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Understanding Drama Queens
|by Jayantika Ganguly|
Drama Queens, as everyone knows, are people with a tendency to be melodramatic. At least, that’s what an opinion poll will reveal, I believe. Do we ever try and ponder over the ‘why’ of it? (Well, I do, but then, for me it’s personal, you see.) Why do some people feel the need/urge to indulge in melodrama when truth is, indeed, stranger than fiction? (Don’t sue me for using that line – this is not for commercial exploitation!) I suppose a few hundred great psychologists and philosophers have already provided suitable explanations, none of which I’m familiar with. I am, however, familiar with what I think – and I’m sure that all the great thinkers out here will agree with me – well, some will. A few, at least…?
Melodrama helps you cope with reality. (Yes, it does!) Some people have a sensitive (oh, all right, weak) psyche, and reality is not really gentle…it is beneficial to escape from it once in a while – for the hypersensitive, insecure, prone-to-thinking-too-much, diffident ones, at least. If we don’t get away, we will have a nervous breakdown. All of us are not pragmatic/rational/persevering/tolerant/strong enough to take everything in its stride. When you strike down some people, they stay down – resilience is not, unfortunately, a universal trait. I don’t think there’s anything to be ashamed of if you’re a Drama Queen – I’m quite proud of it. Even the great Sherlock Holmes (I dare you to find a better man than him!) confessed to having a flair for the dramatic. We all have a covert liking for it, I suppose, but decide to ignore it in favour of other (better, higher?) things in life.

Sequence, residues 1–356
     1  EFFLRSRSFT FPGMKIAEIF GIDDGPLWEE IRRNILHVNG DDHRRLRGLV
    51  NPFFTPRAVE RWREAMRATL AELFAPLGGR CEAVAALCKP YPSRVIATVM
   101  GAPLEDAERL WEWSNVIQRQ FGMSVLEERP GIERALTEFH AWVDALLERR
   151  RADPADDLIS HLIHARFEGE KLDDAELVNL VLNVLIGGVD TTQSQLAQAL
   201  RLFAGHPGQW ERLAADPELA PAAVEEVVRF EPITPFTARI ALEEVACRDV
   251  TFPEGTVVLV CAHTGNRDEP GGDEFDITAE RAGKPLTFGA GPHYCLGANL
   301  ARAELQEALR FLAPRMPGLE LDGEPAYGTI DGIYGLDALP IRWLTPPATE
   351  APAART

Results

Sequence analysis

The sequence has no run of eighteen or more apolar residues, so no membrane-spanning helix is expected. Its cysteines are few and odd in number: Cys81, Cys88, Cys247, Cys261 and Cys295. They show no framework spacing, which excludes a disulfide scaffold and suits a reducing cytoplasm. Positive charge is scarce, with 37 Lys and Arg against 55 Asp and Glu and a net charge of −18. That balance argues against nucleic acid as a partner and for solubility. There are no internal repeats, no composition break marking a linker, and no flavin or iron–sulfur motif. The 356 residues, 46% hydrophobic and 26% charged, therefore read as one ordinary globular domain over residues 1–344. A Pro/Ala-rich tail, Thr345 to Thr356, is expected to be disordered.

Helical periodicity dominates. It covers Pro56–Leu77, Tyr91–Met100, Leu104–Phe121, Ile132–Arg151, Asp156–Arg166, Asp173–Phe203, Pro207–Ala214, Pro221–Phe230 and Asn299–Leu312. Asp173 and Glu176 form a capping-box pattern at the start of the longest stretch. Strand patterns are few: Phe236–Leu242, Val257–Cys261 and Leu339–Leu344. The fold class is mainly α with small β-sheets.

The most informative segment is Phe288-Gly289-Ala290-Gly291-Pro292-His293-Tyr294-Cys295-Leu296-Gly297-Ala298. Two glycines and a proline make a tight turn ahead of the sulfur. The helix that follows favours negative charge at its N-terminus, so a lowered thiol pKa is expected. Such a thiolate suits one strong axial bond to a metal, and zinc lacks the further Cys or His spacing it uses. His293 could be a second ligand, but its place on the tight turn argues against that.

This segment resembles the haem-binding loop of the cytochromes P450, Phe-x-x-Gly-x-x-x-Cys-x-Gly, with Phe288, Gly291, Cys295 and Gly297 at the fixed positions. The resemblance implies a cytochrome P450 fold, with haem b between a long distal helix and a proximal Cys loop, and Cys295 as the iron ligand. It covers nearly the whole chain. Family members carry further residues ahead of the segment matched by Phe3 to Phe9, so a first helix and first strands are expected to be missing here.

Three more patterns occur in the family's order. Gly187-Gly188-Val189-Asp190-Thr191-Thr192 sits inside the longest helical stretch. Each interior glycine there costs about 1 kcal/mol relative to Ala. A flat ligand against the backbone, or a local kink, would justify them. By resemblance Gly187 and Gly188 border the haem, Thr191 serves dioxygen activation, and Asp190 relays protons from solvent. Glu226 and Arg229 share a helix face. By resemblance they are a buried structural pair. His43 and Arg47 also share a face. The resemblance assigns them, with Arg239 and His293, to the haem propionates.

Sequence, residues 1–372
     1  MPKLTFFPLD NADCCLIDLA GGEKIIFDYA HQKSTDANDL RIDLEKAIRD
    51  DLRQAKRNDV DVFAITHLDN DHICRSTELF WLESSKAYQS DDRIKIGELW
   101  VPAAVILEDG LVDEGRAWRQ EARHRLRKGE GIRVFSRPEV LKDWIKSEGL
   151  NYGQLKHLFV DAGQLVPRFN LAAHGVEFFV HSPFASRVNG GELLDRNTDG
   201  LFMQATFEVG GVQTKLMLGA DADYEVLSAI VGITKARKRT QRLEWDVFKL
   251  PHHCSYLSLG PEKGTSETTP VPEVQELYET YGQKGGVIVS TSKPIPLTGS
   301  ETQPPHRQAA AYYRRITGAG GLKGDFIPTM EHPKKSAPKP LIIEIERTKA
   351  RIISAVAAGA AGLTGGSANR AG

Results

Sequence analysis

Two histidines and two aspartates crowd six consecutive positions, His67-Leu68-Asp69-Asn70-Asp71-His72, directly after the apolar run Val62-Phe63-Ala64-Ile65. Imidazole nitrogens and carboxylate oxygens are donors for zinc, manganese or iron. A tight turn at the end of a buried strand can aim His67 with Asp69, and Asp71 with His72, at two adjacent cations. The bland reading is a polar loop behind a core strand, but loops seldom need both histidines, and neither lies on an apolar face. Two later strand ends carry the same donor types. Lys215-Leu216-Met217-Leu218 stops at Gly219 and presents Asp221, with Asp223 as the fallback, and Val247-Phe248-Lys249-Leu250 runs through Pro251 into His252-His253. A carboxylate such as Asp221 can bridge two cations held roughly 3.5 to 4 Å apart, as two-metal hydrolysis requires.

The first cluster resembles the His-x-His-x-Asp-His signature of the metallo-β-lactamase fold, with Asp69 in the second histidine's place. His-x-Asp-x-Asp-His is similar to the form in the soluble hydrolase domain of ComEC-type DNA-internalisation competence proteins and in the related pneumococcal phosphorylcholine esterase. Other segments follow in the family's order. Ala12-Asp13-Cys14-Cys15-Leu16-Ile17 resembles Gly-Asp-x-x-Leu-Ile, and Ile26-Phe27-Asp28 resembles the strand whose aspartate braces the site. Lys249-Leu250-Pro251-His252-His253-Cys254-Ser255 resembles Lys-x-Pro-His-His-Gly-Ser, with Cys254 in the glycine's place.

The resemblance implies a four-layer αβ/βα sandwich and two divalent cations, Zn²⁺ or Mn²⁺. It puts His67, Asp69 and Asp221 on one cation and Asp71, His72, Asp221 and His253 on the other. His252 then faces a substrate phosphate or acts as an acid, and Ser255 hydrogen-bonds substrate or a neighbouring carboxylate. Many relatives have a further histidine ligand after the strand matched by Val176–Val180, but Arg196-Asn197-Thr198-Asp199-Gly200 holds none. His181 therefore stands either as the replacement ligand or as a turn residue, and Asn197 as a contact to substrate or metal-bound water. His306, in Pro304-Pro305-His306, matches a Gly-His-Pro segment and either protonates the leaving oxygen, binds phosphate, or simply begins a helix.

I’ll reveal a secret. Most of the drama enacted by the Drama Queens ought to be taken seriously. They might make light of it, but what they display/let out is the actual truth, and is, most of the time, an extremely painful thorn in their side that’s slowly leeching out their life-blood. Yes, it sounds highly melodramatic, doesn’t it? It is true.
“You’re such a Drama Queen!” is usually accompanied by a derisive snort or a disdainful expression. Trust me, it hurts, if you’re at the receiving end of the comment. “Yes, I am,” I replied once – rather coldly, but you can’t really blame me for that. The other party burst into peals of laughter. It still haunts me. Ever since, I have refrained from exposing my dramatic side except in extremely cynical or light moments, where it can be safely gotten away with. Side effects? Depression and all that BUNDY business. Of course, angst can make you terribly creative – look at Tagore, for instance. Would he have been that great a writer if he had a happier life? I don’t think so.
It’s just a way to let out the steam – don’t fault us for that. If you’d rather deal with snivelling, cowering wrecks, go ahead, try and get rid of the drama. Without DQs (sounds cool, doesn’t it? Abbreviations rock!), however, the world’s going to be a barren place. We’re the spices and condiments of life – it’s all going to be horribly bland otherwise.
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